Johnson & Johnson Knew They Had a Talcum Powder Asbestos Problem Years Ago
Johnson & Johnson handed out talcum powder samples in Black churches and Black beauty salons
Friday, February 5, 2021 - Up until a few years ago, not many people blinked an eye when a corporation targeted one of their products towards a particular race of people as most companies were merely finding a need and filling it. Johnson & Johnson, however, may have had a more sinister motive in mind when they redirected their Johnson's Baby Powder and Shower to Shower marketing campaigns. When Americans first realized that asbestos was proven to be cancer-causing and that their talc supply was most likely contaminated, Johnson & Johnson scrambled to minimize the potential damages. Rather than repackage their iconic brand of Johnson's Baby Powder with an asbestos cancer warning, the company redirected their advertising toward obese and African American women, a demographic they thought was less well-informed about the nation's asbestos problem. These and other accusations about the company's behavior are facts contained in internal Johnson & Johnson correspondence that has been revealed by plaintiff lawyers suing the company. Tens of thousands of women with ovarian cancer have accused Johnson's Baby Powder of causing their terminal illness. Reuters reported that according to a memo distributed internally in 2006, African American and overweight women were the right places to direct their marketing campaign. "The right place to focus was underdeveloped geographical areas with hot weather, and higher AA (African-Americans) population, the memo stated according to Reuters. "Powder is still considered a relevant product among AA consumers," the presentation said. "This could be an opportunity." according to Reuters. Talcum powder cancer lawyers can help families and individuals with a free consultation before filing a lawsuit claim.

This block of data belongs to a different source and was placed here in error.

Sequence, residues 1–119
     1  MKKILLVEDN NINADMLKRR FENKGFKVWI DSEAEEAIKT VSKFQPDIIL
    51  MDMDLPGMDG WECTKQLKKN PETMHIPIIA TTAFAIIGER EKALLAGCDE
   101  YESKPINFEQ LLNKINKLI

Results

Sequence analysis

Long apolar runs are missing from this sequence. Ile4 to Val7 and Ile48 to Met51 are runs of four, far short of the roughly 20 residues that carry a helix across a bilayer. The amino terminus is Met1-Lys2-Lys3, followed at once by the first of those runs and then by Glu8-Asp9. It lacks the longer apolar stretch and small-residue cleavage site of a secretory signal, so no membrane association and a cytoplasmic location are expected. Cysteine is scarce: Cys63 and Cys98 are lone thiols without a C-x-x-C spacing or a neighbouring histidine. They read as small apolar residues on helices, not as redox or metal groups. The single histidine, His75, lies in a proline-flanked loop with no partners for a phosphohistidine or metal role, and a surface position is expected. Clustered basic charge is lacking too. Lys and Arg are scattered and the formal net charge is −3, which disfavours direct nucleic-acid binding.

Investigators at Reuters made these allegations after examining thousands of pages of internal company memos and analyzing years of Johnson & Johnson's marketing campaigns. As the public became concerned about the safety of talcum powder, the more Johnson & Johnson targeted minorities in print, digital and other advertising. "It (JNJ) distributed Baby Powder samples through churches and beauty salons in African-American and Hispanic neighborhoods, ran digital and print promotions with weight-loss and wellness company Weight Watchers, and launched a $300,000 radio advertising campaign in a half-dozen markets aiming to reach curvy Southern women 18-49 skewing African American."
There are currently more than 25,000 ovarian cancer cases pending against Johnson & Johnson and a 2019 Daubert hearing overseen by a federal judge will allow plaintiff expert witnesses to testify that they have found cancer-causing asbestos in bottles of Johnson's Baby Powder. Those findings are supported by the US FDA testing Johnson's Baby Powder talc for asbestos and coming to the same conclusion. Since the FDA tests were made public, Johnson & Johnson has discontinued selling Johnson's Baby Powder with talc in North America and quietly replaced it with a talc-free cornstarch-based product. Reuters claims that African American women with ovarian cancer make up a relatively large percentage of the ovarian cancer cases against them.
In addition to causing ovarian cancer, several thousand cases are pending against Johnson & Johnson for causing mesothelioma after inhaling Johnson's Baby Powder dust contaminated with asbestos. Mesothelioma is a rare form of cancer of the lining of the lungs.